TZ: This issue is rather complicated, but one thing that remains certain for me is there isn’t enough evidence from Elliott to prove he did not physically harm Tiffany Thompson. The evidence she has brought against Elliott is overwhelming in terms of the bruises she has shown. The league brought in investigators who concluded that Elliott violated the league’s policy. I will admit that the testimonial Elliot and his team have brought forward of a friend telling Thompson to lie to police is cause for alarm. But much of Elliott’s own defense has holes, such as saying they were not dating, yet he had been paying her rent and co-signed on her car. Though I believe Elliott deserves an appeal for due process, I do not think it will help. This whole situation is only made worse by the league's delayed ability to get the suspension confirmed before such a crucial time in the year for football.

JT: Between the constant defense Cowboys owner Jerry Jones has of his star running-back, and the lies brought forward by Elliott’s defense team by Tiffany Thompson, this entire situation has been drawn out too long. However, one thing is certain; Thompson was physically harmed and Elliott does not appear innocent. The NFL has time and time again botched domestic violence cases and Jones does not seem to care about his players lashing out against women. It is apparent that Jones has an agenda; to win football games. Nowhere in his agenda is a moral standard for how men should treat women. This case and the previous signing of Greg Hardy proves that. Without Jones’ backing, Elliott would not be in a position to repeatedly appeal the charges. Regardless, as long as Jones can make money, this won’t be the last time he stands by an abusive athlete. In my opinion, an enabler is just as bad as an abuser.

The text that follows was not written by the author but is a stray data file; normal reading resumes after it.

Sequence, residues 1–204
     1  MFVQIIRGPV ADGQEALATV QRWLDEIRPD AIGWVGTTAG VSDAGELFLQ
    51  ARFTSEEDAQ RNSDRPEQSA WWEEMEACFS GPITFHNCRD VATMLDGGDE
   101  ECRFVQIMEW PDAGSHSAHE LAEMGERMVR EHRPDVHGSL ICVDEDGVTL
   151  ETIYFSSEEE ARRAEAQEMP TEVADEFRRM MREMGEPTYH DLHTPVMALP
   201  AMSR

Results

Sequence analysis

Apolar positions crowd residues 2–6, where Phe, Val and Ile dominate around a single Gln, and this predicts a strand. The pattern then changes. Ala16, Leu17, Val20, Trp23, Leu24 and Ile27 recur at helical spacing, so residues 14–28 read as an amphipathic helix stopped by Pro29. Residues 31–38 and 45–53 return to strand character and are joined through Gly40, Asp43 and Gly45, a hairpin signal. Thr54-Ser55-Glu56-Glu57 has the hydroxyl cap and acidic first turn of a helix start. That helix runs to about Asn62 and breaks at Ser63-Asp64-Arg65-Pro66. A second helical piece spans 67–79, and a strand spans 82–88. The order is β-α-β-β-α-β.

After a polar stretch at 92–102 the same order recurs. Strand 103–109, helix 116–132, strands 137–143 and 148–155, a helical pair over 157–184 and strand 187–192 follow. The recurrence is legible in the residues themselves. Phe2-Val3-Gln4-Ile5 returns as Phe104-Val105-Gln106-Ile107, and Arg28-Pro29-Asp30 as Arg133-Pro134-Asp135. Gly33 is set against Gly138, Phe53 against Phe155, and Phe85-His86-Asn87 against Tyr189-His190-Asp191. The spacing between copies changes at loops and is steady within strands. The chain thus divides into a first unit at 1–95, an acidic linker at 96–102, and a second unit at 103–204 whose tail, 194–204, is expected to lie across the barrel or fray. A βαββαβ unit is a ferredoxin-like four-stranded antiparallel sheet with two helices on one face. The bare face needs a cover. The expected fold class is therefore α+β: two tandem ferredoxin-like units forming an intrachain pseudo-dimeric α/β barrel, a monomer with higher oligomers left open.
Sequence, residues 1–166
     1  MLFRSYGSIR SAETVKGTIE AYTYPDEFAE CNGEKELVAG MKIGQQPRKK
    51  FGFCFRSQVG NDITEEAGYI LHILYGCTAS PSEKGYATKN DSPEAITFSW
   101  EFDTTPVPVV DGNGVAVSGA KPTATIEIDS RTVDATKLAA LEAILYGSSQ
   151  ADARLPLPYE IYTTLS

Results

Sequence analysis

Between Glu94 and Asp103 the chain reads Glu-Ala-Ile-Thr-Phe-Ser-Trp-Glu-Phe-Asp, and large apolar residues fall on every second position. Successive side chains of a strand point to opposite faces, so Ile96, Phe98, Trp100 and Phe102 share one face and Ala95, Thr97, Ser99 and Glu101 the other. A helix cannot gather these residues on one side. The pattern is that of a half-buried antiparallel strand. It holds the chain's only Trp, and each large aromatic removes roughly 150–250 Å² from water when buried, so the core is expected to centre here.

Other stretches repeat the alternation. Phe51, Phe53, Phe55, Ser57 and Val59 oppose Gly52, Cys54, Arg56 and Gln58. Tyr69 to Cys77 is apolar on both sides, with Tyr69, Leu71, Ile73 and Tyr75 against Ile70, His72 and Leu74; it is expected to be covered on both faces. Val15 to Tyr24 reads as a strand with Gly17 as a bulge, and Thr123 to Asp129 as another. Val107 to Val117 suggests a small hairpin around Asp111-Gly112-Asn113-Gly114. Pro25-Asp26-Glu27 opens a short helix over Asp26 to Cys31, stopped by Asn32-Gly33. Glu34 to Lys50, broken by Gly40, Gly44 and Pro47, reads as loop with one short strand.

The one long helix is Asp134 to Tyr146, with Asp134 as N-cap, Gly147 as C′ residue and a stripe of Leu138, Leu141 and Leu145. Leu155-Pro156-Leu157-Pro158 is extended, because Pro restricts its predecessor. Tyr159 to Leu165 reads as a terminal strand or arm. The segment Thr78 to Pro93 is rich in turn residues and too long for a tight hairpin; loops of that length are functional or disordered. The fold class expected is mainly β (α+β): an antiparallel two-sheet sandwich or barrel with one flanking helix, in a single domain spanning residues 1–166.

DP: Every week that Elliott is on the field, he makes everyone except the Cowboys look bad. This includes the judges who are granting his injunctions and restraining orders. Speaking of which, how on earth does a restraining order stop a suspension? Beats me. I was on his side at first because the case itself is vague and it’s hard to interpret a he-said/she-said situation that none of us were there for. But the evidence seems to keep stacking against him, the least of which being that he was involved in an assault of a DJ in a bar right before the season started. After everything the league went through with Ray Rice and Greg Hardy, I will give them credit for being decisive about Elliott’s suspension. But I think the Player’s Association is making a mockery of the situation. They are grabbing at straws to do anything to keep an alleged woman beater on the field. They need to stop backing the wrong horse and force Elliott to take his suspension.